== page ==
There were groups from France, the Netherlands, Germany, and Poland among others. They had arrived in line-after-line of coaches.
They tried hard to make themselves heard with their voices, whistles, horns, heavy loudspeaker music, almost anything they could find.
The air was laced with the sound and smoke from hundreds of firecrackers.
The marchers carried a forest of banners. They marched under the slogan: "No to austerity - priority for jobs and growth".
The mood was good-natured. But for the marchers, the message was that they should not be the ones to pay for an economic crisis that was not of their making.
The organisers warned of both economic and social consequences of government spending cuts across Europe - the potential fallout from lost jobs, wage and pension cuts, and reduced social spending.
There needs to be a rebalancing, they said, and a renewed focus on stimulus measures.
But for all the sounds and frustration on the streets of Brussels, the message and mood in the corridors of power here are that deficit reductions remain the key to recovery.
Duncan Kennedy, Rome, Italy
Not one, not two, but three days of action, is the way some in Italy are registering their protest over the austerity measures.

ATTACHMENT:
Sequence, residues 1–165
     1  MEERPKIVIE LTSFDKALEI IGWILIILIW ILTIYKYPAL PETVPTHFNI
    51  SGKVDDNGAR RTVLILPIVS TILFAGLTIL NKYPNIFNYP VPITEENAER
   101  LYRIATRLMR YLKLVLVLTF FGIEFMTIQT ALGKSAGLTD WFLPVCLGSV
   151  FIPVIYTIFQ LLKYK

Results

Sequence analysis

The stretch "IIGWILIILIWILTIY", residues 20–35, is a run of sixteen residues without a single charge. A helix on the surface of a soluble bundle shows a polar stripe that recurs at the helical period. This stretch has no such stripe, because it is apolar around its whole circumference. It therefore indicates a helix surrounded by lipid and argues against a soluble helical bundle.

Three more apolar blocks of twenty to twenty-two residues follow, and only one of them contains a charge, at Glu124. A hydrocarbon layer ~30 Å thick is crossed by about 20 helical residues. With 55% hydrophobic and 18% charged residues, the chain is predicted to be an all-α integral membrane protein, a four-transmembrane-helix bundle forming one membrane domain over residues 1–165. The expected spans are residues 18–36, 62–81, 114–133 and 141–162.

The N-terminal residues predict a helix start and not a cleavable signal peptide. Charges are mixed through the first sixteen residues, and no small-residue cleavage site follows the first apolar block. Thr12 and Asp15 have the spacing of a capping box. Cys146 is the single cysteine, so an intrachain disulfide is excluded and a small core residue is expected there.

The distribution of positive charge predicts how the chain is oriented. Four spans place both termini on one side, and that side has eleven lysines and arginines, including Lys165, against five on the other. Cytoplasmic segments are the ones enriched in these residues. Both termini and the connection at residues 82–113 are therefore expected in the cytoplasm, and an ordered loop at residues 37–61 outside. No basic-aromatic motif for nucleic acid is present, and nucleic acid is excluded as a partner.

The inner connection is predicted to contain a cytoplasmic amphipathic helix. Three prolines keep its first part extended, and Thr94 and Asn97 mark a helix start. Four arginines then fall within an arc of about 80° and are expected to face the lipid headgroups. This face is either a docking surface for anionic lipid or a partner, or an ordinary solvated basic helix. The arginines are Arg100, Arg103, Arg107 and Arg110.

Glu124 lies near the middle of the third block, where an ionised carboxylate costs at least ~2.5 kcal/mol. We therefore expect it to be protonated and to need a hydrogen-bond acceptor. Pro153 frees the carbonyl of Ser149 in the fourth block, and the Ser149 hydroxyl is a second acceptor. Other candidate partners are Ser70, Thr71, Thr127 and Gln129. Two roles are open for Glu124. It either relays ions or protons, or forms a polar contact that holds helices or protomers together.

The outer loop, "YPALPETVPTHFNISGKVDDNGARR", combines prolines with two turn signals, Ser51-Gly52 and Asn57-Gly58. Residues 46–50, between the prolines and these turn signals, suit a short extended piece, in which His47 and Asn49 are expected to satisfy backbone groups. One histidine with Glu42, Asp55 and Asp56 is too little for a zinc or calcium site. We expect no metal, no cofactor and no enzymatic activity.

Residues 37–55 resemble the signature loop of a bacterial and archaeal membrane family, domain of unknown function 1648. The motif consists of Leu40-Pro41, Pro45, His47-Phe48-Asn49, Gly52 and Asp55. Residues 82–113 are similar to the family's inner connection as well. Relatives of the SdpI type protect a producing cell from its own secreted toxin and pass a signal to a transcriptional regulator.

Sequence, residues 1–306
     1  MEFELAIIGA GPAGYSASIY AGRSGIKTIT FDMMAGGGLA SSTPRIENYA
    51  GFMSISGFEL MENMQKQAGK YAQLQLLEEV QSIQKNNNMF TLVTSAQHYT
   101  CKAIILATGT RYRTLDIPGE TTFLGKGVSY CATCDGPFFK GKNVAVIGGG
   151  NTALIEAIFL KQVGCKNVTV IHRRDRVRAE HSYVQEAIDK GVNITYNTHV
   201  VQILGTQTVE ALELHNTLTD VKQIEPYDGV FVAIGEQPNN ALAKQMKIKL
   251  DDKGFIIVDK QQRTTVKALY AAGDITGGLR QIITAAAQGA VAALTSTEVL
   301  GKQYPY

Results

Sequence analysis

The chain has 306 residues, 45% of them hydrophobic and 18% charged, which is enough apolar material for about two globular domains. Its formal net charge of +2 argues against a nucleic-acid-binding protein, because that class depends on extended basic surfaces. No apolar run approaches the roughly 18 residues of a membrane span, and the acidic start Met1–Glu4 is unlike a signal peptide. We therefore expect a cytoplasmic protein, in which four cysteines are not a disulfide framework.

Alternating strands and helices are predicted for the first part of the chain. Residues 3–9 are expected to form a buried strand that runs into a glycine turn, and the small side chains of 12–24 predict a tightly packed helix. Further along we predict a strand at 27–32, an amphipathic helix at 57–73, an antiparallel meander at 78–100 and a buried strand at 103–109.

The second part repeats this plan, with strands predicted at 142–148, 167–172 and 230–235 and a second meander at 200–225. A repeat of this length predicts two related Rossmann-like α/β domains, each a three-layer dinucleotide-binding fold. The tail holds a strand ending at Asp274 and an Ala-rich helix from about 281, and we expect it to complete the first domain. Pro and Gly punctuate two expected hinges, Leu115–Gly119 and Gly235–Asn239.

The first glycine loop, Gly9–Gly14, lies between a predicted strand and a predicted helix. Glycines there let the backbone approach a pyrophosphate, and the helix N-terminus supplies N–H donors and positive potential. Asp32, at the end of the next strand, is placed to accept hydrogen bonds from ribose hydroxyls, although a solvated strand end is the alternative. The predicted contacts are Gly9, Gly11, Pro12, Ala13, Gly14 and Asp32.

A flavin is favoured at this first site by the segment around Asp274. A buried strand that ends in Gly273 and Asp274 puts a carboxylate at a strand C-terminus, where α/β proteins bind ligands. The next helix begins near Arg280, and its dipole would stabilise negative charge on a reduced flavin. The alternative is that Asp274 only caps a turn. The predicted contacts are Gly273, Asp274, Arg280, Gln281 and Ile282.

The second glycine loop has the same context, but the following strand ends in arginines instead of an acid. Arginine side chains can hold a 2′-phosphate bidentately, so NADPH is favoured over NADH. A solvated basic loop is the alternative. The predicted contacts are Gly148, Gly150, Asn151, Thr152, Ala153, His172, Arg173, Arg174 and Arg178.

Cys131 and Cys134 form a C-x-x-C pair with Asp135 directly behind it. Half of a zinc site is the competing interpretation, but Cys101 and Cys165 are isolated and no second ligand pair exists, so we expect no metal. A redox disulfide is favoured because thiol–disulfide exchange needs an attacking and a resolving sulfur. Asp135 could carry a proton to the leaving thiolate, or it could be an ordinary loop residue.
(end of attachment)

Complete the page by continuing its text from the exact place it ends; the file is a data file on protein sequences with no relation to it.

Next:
Actually, it's two and a half days of protests, today's being the smallest.
The demonstration took place in Piazza Farnese, in the centre of Rome, and it attracted a noisy, colourful selection of protesters, numbering a few thousand - mostly union members.
There were calls for an easing of the austerity measures now in place, as well as demands for greater fairness for lower-paid workers.
Some people from the poorer south of Italy joined the protest. They fear they will be harder-hit than the more affluent north because of cuts in regional aid.
Today's demo will be followed by two more.
The first, on Saturday, is called "no" Berlusconi day. A week later, there will be another big union-organised march.
It all comes as Mr Berlusconi has been having his own day of action, thanks to a make-or-break speech to the Italian parliament.
He has urged his coalition partners, and a key breakaway group in his own party, to back his policies for the next three years.
Italy's prime minister is hoping to emerge with his power consolidated, so that any political opposition to his fiscal changes will be weakened, at least for now.
He will regard that as a satisfactory present to mark his 74th birthday, though others may not feel like celebrating.
Alison Roberts, Lisbon, Portugal